Working in this way means establishing relationships. It takes time, and a measure generosity. In Miwon Kwon’s terms, the site is no longer necessarily or exclusively a location, it is a ‘discursively determined site that is delineated as a field of knowledge, intellectual exchange, or cultural debate.’ (3) And such a site can only be understood, perceived, arrived at, through conversation and relationship building. At the Thursday afternoon session of the conference, titled ‘How Do You Keep It Going?’ artist-curator Kerstin Bergendal talked about her project New Art for New Urban Areas – Art Plan Trekroner, which, when it finishes will have taken 12 years. Through this ‘long duration engagement’ Bergendal intends to combine permanent and transient artworks as complement to daily life for a newly developing suburb.
Bergendal's tactic seems to be to stay close to the project, embedded in the planning process and available, on site, to talk to the residents: ‘In all the time at Trekroner I don't have an office, a phone, a secretary. I just have myself and my time. While I'm there all the collaborators [residents, planners, builders] can dream about the projects we can do together. I catch those dreams and make them real.’ Yet she also described the importance of keeping her distance, being separate from the professionals. This enabled her to question protocol, to find space within the regulations, or to suggest alternatives that would be harder for a professional to see. Paul Domela (Programme Director of Liverpool Biennial), chairing the session, later described this as 'finding play in the system' both in the sense of ‘being playful’ and also of ‘finding unintended lateral movement.’
same&different was not discussed at the conference but has many similarities to New Art for New Urban Areas. Conceived by artist Kirsten Lavers, and drawing in the residents of Orchard Park, a large new mixed-use (residential and business) development in North Cambridge, same&different has been running since the first houses were being occupied. Lavers describes her project as being ‘continuously “under construction”’ and Orchard Park as ‘a place of recurring introductions; new buildings, new views, new neighbours, new homes and eventually a new community.’ (4)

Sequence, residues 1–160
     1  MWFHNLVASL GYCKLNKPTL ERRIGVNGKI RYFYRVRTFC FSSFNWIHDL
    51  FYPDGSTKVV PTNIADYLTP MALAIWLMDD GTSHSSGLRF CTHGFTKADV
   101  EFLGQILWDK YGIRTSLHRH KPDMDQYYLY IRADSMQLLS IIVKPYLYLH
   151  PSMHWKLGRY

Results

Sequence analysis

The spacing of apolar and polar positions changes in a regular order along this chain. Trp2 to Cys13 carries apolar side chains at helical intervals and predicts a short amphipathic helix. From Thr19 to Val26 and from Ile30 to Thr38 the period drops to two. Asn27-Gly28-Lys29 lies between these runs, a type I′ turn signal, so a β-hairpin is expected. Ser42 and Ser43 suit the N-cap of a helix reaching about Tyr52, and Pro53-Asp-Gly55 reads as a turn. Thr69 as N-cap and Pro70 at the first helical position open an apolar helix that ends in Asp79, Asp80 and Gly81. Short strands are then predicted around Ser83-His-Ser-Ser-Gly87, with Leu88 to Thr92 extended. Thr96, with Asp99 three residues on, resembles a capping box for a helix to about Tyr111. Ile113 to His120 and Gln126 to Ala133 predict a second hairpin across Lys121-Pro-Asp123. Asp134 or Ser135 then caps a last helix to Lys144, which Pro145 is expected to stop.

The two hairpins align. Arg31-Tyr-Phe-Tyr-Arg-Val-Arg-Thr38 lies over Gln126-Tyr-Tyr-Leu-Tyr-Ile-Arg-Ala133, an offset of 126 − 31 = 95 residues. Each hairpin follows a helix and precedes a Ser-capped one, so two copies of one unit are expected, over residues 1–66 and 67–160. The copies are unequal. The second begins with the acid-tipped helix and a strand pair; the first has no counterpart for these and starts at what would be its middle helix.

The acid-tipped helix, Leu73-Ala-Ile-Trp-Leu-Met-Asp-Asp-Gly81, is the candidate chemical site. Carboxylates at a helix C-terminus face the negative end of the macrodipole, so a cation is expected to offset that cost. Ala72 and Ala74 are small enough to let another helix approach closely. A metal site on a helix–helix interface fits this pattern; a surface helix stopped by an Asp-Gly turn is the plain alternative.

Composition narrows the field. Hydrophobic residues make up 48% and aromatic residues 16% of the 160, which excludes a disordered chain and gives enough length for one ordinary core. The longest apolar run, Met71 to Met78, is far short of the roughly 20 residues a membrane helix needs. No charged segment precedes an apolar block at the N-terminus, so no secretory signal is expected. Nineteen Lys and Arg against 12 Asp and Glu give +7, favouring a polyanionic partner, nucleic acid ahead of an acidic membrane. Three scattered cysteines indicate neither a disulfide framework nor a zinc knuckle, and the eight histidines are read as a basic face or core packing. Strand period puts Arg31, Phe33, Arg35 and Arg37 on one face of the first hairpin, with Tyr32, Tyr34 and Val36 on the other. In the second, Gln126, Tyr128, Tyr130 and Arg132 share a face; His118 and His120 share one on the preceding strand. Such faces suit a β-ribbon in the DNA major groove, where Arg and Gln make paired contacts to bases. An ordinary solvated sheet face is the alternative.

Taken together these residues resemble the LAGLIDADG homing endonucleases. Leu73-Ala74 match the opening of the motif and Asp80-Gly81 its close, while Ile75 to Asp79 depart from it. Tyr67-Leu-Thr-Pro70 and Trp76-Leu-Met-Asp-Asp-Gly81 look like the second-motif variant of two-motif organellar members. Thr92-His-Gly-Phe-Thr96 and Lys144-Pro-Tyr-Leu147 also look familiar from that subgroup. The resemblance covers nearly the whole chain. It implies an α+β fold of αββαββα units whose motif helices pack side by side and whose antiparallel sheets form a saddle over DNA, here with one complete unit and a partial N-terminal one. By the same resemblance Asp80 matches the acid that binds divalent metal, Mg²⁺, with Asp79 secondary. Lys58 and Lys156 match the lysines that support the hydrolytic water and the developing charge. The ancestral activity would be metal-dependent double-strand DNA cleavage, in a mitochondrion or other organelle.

The writer Miwon Kwon describes a curious reversal, wherein ‘the presence of the artist has become an absolute prerequisite for the execution/presentation of site-orientated projects. It is now the performative aspect of an artist’s characteristic mode of operation (even when working in collaboration) that is repeated and circulated as a new art commodity.’ (5) The presence of Bergendal and Lavers in their respective communities seems to be less that of an artist validating the things that happen as art, and more that of catalyst allowing things, art or not, to happen. And that process of catalysis occurs by talking. The greetings, the introductions, the invitations to people to step outside their normal remit, are what lead to physical, as well as social changes in the surroundings.
Iain Sinclair also touched on the way that narrative generates urban change. He described observing Victorian houses in the East End as they were renovated and sold on as desirable properties. Several copies of Peter Akroyd’s novel Hawksmoor would always be stacked on the mantelpiece prior to sale. (Hawksmoor was the architect of several prominent East End churches; the novel was inspired by Sinclair’s own long poem Lud Heat.) Sinclair said, of this novel sales tool, ‘We’re in the era of the grand narrative. Places have to explain themselves. For developers, it’s so exciting to have a past, to have a legend. Something that can be reduced to a short paragraph and put up on a plaque on the wall.’
Continued in Part 2 of review.
All quotes that are not referenced to a particular publication are taken from presentations or discussions during the Engage conference.
1. Wilshire, M., (2005) ‘Against Explanation: the gentle art of avoiding answers’, Art Monthly, no.286.
2. Examples taken from leaflet for Pop Will Eat Itself, group show by Art on the Underground, at Piccadilly Circus Underground Station, June – September, 2009.
3. Kwon, M., One Place After Another (2002) p.26.
4. www.sameanddifferent.net, last accessed 16.11.09.
Lawrence Bradby is an artist and writer. He works as half of the collaborative artist duo Townley and Bradby making interventions, performance walks and artists' books. His lastest publication, Mechanical Operations in Cambourne (Marmalade Publishers), is a bookwork with artist and architect Helen Stratford.
Toynbee Hall and other venues in East London »
Toynbee Hall, 28 Commercial Street, London, E1 6LS